Cyber-Bullying: A Student’s Perspective

As today is “Wear Pink” day in order to bring more awareness to Bullying and Cyber-Bullying, I thought it would be valuable and important to hear about these issues from a Student’s Perspective.  Rebecca Gorgitza, a student with the Vancouver Learning Network wrote this Guest Blog Post for the BUZZ to share her feelings, suggestions, advice and experiences with Bullying.  This powerful piece of writing is straight from the heart and I encourage you to share this far and wide today, to raise awareness about this important issue. LETS ERADICATE BULLYING TOGETHER!

Hello bloggers!

Now, you all know its Anti-Bully day (I know you know because I can see all the pink shirts through my computer!), and I hope you realize what it means.  Think about it, if you will.  To me, Anti-bully day isn’t just a day for everyone to be nice to each other; it’s a step towards a total change for the better.  It’s just a taste of just how nice being nice can be, if that makes sense.  Getting along with each other is a lot easier than you’d think.  The thing is bullying isn’t just the stereotypical mean kid making rude comments when you pass in the halls.  It’s a lot more than that- it’s even on the web…. And it can be much worse when you’re being cyber-bullied rather than bullied in real life. (Key word, can) Cyber-bullying is like bullying in person, except it can be taken too far, too fast, and without much notice from anyone except for the kid being bullied.  It’s little things like harsh comments on statuses, or nasty chat messages on facebook or big things like constant outright rude comments on pieces of art on deviantart.  I honestly don’t know what goes through cyberbullies heads’ when they do such things, but I wish I could understand.  I do know, however, the effects of it.  It takes away confidence, tears away self-esteem, makes you feel worthless.  Makes you ask yourself “am I so unlovable and worthless that they have to attack me over the internet!?” (The answer to that question is always no, you are not unlovable or worthless) It makes you want to fight back, but when you do, you realize you can’t win, so you give up.  It puts you in a Slump (yes, just the like one Dr. Seuss talks about in Oh The Places You’ll Go).  Now, my recommendation for you to get out of that Slump is to have an epiphany.  Unfortunately, not even Walmart sells those, so maybe you should tell someone about the trouble you’re having.  Now, if you’re like me, you’ll have a few teachers who don’t seem to care too much.  Avoid them.  Go to your counselor (they became counselors because they wanted to help!  They’ll definitely care.), or that really nice, motherly teacher.  Or tell your parents, though that can be a bit harder to do since most parents are totally over protective, and you, being a teenager, don’t want to make a big deal about it.  Maybe you’re really shy about it…. In that case you can start by saying something like:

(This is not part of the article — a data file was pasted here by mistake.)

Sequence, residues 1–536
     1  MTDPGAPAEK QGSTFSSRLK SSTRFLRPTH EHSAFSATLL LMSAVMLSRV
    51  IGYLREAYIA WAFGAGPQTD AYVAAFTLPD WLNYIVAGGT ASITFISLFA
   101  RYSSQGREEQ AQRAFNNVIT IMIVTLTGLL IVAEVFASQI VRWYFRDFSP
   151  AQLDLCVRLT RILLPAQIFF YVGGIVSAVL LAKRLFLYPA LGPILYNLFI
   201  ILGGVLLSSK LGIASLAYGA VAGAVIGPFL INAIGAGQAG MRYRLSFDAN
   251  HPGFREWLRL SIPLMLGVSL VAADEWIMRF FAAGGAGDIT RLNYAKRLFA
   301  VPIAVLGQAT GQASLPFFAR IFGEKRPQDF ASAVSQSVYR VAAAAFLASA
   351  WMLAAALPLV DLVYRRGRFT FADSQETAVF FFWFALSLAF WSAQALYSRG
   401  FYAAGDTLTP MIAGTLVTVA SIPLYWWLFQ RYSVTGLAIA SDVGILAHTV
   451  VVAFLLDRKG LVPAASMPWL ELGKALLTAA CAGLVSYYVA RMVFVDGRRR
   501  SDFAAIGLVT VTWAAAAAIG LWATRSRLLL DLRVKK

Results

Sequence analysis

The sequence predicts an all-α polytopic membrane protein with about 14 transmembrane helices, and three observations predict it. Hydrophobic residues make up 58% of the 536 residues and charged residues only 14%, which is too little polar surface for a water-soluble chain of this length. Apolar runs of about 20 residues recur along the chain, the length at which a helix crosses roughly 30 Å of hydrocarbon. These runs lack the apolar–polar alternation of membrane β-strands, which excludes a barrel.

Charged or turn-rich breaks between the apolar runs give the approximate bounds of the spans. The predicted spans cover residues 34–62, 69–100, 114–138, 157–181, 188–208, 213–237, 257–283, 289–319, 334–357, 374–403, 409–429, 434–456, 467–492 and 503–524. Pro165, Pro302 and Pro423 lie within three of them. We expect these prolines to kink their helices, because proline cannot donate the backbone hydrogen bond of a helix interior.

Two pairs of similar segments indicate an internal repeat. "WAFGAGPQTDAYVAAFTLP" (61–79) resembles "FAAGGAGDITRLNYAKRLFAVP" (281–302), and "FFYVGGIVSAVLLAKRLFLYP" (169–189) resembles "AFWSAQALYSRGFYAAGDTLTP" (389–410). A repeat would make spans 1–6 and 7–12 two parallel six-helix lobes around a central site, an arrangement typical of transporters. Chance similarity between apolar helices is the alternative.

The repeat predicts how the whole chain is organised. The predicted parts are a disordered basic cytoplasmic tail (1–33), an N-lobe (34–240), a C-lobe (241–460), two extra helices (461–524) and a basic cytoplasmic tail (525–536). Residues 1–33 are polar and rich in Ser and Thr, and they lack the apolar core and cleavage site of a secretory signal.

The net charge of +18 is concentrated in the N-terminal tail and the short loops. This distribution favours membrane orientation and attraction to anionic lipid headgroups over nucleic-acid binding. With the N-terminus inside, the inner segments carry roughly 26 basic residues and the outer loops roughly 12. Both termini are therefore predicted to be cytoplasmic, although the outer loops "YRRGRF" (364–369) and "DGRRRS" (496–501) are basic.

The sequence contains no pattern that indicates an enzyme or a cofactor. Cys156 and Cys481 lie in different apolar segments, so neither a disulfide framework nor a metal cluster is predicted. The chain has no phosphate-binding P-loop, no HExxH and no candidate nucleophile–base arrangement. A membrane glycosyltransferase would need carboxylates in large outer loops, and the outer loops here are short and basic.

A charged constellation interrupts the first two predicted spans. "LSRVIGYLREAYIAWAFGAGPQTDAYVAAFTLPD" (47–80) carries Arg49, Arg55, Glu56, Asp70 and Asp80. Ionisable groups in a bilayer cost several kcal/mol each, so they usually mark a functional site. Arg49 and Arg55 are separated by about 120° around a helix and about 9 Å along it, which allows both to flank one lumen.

“So, hypothetically, if someone was getting cyber-bullied,
what should they do?”
Or
“I have this ‘friend’… he/she’s getting cyber-bullied.  What should this ‘friend’ do?”
Then, progress to talking about yourself. The most important things you, a student, need to know are that a) the bully will probably not stop “just ‘cause.” Remember, there are “Report Abuse”, “Flag” and “Block” buttons which may start to solve your problem! And b) The only way you are guaranteed to get help is by telling someone who cares.   Oh, and if you have a friend who is being cyber-bullied/bullied and they tell you about it…. Don’t just say “oh”.  Please, please don’t.  Stand up for them.  Tell them they’re amazing.  Help them- it’s your responsibility as a friend.
Now, to the edumacators and ‘rents:
NEVER IGNORE A KID WHEN THEY ASK FOR HELP, AND NEVER BRUSH IT OFF.
It happens too often, and it’s sad.  I don’t care whether it’s cyber-bullying, bullying, or issues that don’t have a single cause.  Help the kid.  You may not know exactly when a kid is being cyber-bullied/bullied, and you may not be able to stand up for them… but thinking about it from their point of view, helping them, talking to them, giving them ideas and positive escapes from the stress and hurt is a lot better than doing nothing.
If you would like to learn more about “Pink Shirt Day” please check out this CBC news article about the two young men from Nova Scotia who stood up to bullies and created this North American movement!  http://www.cbc.ca/news/canada/nova-scotia/story/2007/09/18/pink-tshirts-students.html

Also, be sure to check out our own “Cyber-Bullying” Page here @ THE BUZZ as we have many tips, resources and places for help if you or anyone you know is suffering from Bullying or Cyber-Bullying.  If you are an educator looking for a powerpoint presentation to use with your class, be sure to check this one out from our Planning 1o Teacher Brenda Kvist! Anti-Bullying
Happy Pink Shirt Day!

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One Response

  1. people who are bullyed should belevie that there is someone in this world to help when needed

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